Mar 25, 2013

Pigsty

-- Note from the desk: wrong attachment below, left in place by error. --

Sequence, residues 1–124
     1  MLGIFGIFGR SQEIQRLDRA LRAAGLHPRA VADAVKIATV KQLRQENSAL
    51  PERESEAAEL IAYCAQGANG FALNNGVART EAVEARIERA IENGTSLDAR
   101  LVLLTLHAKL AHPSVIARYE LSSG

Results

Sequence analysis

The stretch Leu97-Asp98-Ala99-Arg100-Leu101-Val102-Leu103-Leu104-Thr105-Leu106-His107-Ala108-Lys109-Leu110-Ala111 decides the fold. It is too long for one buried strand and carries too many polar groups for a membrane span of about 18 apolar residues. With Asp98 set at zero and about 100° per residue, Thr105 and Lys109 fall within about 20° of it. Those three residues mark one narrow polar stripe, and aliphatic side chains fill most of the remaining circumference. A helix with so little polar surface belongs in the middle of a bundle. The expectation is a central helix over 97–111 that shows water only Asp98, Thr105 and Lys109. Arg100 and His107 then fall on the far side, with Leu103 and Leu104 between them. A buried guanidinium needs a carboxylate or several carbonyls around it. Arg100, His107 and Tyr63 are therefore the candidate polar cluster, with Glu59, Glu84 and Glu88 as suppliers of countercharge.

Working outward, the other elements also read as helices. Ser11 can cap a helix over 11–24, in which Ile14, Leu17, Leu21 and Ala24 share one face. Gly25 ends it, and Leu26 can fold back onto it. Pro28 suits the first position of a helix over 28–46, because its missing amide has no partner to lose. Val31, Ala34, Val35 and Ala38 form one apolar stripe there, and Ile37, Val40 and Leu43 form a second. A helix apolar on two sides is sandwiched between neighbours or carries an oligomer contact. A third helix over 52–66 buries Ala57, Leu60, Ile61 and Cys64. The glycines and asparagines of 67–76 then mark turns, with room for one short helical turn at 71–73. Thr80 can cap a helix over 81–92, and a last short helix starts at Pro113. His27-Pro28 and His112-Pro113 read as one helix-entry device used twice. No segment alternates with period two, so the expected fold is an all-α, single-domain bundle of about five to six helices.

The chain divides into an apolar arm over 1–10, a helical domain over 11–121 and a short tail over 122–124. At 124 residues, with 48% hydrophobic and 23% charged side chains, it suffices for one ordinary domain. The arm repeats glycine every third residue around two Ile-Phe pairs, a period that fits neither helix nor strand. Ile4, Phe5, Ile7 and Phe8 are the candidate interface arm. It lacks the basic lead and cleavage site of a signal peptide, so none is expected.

While cinematic cannibalism in Italy is almost solely associated with the so-called “cannibal boom” that lasted roughly from 1977 to 1981 and sired exquisitely exploitative films like Ruggero Deodato’s Cannibal Holocaust (1980) and Umberto Lenzi’s Cannibal Ferox (1981) aka Make Them Die Slowly, Guido poet/polymath Pier Paolo Pasolini (The Gospel According to Matthew, Teorema) preceded his less cultivated countrymen by almost a decade with his highly ambitious and somewhat impenetrable flick Porcile (1969) aka Pigsty – an intrinsically anti-capitalist and anti-fascist celluloid work submersed in semiotic scatology that centers on such taboo topics as man-on-pig bestiality, patricide, and cannibalism, among various other decidedly deplorable things that are not typically featured in arthouse films. Considered by many to be his most complex and arcane cinematic effort, Pigsty was naturally met with disapproval by discombobulated audiences during its ill-fated screening in Venice and Pasolini responded to the hopelessly confused with the following description, “To understand the film you have to have more heart than head (better yet, if there is head used so much the better): because there is to understand the desperate story of a sinner who makes of his sin his sanctity…there is to understand the ambiguous and dramatic relationship between the old capitalism and the new which concludes, even if in the tones of an almost contemplative poem, with a condemnation of them both.” Essentially two films in one (in fact, both segments originally had separate names: “Orgia” and “Porcile”), Pigsty features a dichotomous depiction of two strikingly different but thematically connected times – the first segment portraying a medieval Italian vagabond man who discovers war, battle, cannibalism, and anarchy, and the second segment portraying a fiendishly fetishistic ex-Nazi family who are now wealthy industrialists – the film manages to be part excess-ridden epic poem and part sardonic satire where shit and swine become subversive symbols of the Fatherland during the post-Nazi era of the Wirtschaftswunder (“economic mirace”). A virtual father film to his exceedingly subversive and excess and excrement-ridden, scatological cinematic swansong Salò, or the 120 Days of Sodom (1975), minus the grotesque imagery, Pigsty was Pasolini’s first attempt to “crystallize horror. To make a Petrarchan sonnet on a theme from Lautréamont” and “making the cinema aristocratic: unconsumable,” which is quite ironic for a self-proclaimed Marxist who vied for a classless collectivist society and wanted to appeal to the mindless masses (which he inevitably did with his mass culture “Trilogy of Life”). With an incriminating (Pasolini has admitted his identification with the medieval cannibal that spouts the words) tagline like, “I killed my father, I ate human flesh and I quiver with joy,” Pigsty makes for quite a potent and pessimistic work that portrays a new sort of era (as well as the "new beginning" of the old one that preceded it) following the destruction of Italy in Europa during the Second World War where ex-Nazis have now taken on the irredeemable role of their former enemy, the capitalistic Jew, as rampant materialists who cannibalize and defecate their own history and national kultur, thus committing fratricide against the Fatherland and the old perennial kultur that originally held it together.